Telomere length in human liver diseases

Yoshiaki Urabe, Kazuhiro Nouso, Toshihiro Higashi, Harushige Nakatsukasa, Naoki Hino, Kouzou Ashida, Nobuyuki Kinugasa, Keigo Yoshida, Shuji Uematsu, Takao Tsuji

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49 Citations (Scopus)


To determine the role of telomere-mediated gene stability in hepatocarcinogenesis, we examined the telomere length human liver without chronic liver diseases and hepatocellular carcinomas (HCC). The mean telomere restriction fragment (TRF) length of normal liver (n = 13), chronic hepatitis (n = 11), liver cirrhosis (n = 24) and HCC (n = 24) was 7.8 ± 0.2, 7.1 ± 0.3, 6.4 ± 0.2 and 5.2 ± 0.2 kb, respectively (mean ± standard error). TRF length decreased with a progression of chronic liver diseases and that in HCC was significantly shorter than that in other chronic liver diseases (p < 0.05). The ratios of TRF length of HCC to that of corresponding surrounding liver of well differentiated (n = 7), moderately differentiated (n = 10) and poorly differentiated (n = 4) HCCs were 0.83 ± 0.06, 0.75 ± 0.05 and 0.98 ± 0.09, respectively. The ratio of poorly differentiated HCC was significantly higher than that of moderately differentiated HCC (p < 0.05). A comparison between the size and telomere length ratio of moderately differentiated HCCs revealed a decrease of the ratio with size until it reached 50 mm in diameter. In contrast, the ratio increased as the size enlarged over 50 mm. These findings suggest that the gene stability of the liver cells mediated by the telomere is reduced as chronic liver disease progresses and that telomerase is activated in poorly differentiated HCC and moderately differentiated HCC over 50 mm in diameter.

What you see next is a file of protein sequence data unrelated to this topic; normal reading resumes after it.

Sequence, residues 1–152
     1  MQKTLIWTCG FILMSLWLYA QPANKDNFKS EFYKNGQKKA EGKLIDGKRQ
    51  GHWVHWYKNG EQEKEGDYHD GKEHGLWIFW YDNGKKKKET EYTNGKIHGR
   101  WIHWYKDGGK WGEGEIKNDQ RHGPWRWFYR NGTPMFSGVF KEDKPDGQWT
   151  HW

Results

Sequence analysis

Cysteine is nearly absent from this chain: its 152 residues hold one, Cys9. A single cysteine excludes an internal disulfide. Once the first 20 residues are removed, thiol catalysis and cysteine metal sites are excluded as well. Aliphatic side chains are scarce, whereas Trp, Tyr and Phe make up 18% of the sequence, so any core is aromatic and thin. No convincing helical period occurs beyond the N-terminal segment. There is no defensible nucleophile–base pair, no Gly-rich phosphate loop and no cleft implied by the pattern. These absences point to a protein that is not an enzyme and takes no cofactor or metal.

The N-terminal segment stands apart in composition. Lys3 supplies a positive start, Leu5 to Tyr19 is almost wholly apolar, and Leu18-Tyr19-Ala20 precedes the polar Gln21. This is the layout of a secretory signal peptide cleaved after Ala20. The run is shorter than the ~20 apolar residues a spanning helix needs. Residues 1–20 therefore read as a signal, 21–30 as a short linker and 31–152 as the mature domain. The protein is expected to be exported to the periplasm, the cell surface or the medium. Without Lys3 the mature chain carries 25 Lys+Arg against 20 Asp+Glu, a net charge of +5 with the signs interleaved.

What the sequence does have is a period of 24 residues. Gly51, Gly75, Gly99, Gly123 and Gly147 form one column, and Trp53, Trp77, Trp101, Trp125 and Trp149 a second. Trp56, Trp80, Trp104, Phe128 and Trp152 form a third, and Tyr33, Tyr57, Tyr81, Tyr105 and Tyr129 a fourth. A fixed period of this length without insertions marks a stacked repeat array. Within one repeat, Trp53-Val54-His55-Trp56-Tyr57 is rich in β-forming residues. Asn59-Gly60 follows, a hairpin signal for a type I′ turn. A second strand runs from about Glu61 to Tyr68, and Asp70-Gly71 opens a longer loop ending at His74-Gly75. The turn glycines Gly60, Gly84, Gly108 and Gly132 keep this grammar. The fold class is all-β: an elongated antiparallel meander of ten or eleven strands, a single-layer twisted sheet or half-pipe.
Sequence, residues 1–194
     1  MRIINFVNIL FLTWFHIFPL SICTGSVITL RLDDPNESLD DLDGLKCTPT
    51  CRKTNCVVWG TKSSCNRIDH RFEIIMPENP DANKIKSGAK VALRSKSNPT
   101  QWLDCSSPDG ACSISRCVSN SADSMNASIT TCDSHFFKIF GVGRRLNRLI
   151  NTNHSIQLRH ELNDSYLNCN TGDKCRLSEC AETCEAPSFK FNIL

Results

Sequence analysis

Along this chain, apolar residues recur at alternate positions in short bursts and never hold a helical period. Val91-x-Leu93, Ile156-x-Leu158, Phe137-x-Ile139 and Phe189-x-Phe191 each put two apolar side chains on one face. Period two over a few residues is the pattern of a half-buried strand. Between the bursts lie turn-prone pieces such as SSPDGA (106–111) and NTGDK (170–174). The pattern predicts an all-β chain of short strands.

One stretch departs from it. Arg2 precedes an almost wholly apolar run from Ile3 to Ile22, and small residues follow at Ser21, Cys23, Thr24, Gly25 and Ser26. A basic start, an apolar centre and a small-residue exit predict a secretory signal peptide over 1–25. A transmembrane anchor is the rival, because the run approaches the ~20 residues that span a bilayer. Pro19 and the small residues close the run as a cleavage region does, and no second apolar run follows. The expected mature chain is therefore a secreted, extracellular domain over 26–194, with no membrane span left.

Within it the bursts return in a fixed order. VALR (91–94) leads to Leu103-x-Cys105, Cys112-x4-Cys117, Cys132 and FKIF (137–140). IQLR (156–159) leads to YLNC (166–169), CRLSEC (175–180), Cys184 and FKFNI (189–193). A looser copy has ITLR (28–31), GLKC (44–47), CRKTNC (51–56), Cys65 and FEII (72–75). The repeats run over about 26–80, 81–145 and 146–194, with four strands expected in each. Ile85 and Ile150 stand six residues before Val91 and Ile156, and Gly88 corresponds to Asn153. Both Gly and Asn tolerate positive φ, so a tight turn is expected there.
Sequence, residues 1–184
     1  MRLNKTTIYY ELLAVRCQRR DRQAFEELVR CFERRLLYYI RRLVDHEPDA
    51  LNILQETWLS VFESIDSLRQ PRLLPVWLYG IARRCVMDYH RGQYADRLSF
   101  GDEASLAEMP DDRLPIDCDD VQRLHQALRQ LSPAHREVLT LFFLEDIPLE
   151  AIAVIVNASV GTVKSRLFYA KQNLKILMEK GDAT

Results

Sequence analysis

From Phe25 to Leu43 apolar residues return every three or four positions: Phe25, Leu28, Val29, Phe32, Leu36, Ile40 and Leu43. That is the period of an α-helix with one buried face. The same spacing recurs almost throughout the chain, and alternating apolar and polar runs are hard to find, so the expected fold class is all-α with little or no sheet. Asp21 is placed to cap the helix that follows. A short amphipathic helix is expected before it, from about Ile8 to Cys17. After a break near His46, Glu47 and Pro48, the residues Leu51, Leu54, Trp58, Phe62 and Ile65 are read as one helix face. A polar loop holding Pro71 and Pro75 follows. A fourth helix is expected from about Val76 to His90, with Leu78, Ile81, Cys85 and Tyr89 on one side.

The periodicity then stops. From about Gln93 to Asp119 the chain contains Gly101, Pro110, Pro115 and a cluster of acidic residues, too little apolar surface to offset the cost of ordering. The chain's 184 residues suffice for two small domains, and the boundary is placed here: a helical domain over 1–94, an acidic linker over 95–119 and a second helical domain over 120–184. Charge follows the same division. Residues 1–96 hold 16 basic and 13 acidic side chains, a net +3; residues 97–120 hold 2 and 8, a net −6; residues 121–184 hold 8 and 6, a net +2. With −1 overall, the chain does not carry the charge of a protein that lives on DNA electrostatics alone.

Original languageEnglish
Pages (from-to)293-297
Number of pages5
Issue number5
Publication statusPublished - Oct 1996


  • Carcinoma
  • Hepatocarcinogenesis
  • Hepatocellular
  • Telomere

ASJC Scopus subject areas

  • Hepatology


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